Background: The mosquito vector Aedes aegypti is responsible for transmitting a range of arboviruses including dengue (DENV) and Zika (ZIKV). The global reach of these viruses is increasing due to an expansion of the mosquito's geographic range and increasing urbanization and human travel. Vector control remains the primary means for limiting these diseases. Wolbachia pipientis is an endosymbiotic bacterium of insects that has the ability to block the replication of pathogens, including flaviviruses such as DENV or ZIKV, inside the body of the vector. A strain of Wolbachia called wMel is currently being released into wild mosquito populations to test its potential to limit virus transmission to humans. The mechanism that underpins the virus blocking effect, however, remains elusive. Methods: We used a modified full-sib breeding design in conjunction with vector competence assays in wildtype and wMel-infected Aedes aegypti collected from the field. All individuals were injected with DENV-2 intrathoracically at 5-6 days of age. Tissues were dissected 7 days post-infection to allow quantification of DENV and Wolbachia loads. Results: We show the first evidence of family level variation in Wolbachia-mediated blocking in mosquitoes. This variation may stem from either genetic contributions from the mosquito and Wolbachia genomes or environmental influences on Wolbachia. In these families, we also tested for correlations between strength of blocking and expression level for several insect immunity genes with possible roles in blocking, identifying two genes of interest (AGO2 and SCP-2). Conclusions: In this study we show variation in Wolbachia-mediated DENV blocking in Aedes aegypti that may arise from genetic contributions and environmental influences on the mosquito-Wolbachia association. This suggests that Wolbachia-mediated blocking may have the ability to evolve through time or be expressed differentially across environments. The long-term efficacy of Wolbachia in the field will be dependent on the stability of blocking. Understanding the mechanism of blocking will be necessary for successful development of strategies that counter the emergence of evolved resistance or variation in its expression under diverse field conditions.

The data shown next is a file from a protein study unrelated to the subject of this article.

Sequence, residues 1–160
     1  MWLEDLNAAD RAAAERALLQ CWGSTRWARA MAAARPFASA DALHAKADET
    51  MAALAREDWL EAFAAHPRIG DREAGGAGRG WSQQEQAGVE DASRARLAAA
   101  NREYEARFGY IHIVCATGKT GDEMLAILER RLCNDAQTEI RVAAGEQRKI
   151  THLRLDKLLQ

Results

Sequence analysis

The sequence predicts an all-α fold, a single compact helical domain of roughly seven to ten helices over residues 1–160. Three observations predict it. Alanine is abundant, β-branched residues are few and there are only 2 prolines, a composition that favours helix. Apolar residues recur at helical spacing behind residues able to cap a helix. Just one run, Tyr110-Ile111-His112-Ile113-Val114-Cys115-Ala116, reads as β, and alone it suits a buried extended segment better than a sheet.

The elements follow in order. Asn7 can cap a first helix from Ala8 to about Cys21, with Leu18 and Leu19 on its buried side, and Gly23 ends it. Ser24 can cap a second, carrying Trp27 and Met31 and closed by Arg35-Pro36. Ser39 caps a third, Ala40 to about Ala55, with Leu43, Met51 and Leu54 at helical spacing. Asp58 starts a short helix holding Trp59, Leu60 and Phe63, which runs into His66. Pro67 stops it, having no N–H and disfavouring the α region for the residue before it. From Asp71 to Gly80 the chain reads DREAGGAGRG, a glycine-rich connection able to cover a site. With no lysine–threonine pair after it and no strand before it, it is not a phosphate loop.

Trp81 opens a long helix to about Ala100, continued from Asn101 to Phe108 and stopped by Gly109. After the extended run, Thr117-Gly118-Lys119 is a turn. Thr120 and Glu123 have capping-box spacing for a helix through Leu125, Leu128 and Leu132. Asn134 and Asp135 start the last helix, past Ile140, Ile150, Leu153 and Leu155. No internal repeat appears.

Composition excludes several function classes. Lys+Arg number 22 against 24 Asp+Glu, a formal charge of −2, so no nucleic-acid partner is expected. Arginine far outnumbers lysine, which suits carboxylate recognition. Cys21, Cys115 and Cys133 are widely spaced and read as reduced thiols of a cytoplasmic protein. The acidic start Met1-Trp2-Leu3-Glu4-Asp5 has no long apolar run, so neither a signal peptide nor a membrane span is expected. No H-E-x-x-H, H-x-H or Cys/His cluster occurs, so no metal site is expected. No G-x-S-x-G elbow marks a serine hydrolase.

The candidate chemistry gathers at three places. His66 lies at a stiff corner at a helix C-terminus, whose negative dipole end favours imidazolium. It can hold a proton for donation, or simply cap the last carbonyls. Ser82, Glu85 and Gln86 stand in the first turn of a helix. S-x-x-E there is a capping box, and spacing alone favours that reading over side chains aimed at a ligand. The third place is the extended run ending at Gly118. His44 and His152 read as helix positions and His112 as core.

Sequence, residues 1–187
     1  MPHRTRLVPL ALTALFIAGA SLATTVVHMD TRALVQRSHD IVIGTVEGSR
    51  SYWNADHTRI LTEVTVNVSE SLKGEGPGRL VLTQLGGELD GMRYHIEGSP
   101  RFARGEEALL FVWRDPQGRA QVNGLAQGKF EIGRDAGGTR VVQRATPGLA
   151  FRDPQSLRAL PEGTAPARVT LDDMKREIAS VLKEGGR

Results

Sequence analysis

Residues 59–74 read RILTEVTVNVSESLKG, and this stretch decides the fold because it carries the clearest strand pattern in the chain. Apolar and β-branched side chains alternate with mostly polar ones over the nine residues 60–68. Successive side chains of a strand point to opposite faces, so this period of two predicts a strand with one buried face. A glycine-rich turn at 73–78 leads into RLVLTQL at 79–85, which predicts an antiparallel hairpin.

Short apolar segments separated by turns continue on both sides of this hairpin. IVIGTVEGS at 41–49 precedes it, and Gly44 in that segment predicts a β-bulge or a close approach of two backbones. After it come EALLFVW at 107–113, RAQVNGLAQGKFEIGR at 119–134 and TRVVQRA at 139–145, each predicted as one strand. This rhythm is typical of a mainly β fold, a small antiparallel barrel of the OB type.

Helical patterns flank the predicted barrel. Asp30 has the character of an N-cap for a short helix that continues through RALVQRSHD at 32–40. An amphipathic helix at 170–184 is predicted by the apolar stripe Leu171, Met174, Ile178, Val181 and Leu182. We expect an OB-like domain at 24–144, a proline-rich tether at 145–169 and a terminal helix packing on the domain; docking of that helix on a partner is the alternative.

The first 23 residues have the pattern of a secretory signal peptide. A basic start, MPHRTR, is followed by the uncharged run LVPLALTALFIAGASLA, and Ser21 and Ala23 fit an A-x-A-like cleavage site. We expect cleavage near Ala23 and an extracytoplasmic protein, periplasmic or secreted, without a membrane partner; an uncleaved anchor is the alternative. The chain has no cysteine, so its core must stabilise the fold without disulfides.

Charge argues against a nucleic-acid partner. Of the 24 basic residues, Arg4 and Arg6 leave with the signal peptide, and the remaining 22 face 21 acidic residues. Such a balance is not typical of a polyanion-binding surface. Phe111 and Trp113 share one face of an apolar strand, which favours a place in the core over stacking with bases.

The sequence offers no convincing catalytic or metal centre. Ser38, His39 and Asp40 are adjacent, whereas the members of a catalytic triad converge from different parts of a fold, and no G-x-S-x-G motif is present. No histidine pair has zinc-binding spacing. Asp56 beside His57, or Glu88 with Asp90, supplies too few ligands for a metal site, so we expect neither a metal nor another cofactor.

All Science Journal Classification (ASJC) codes
- Infectious Diseases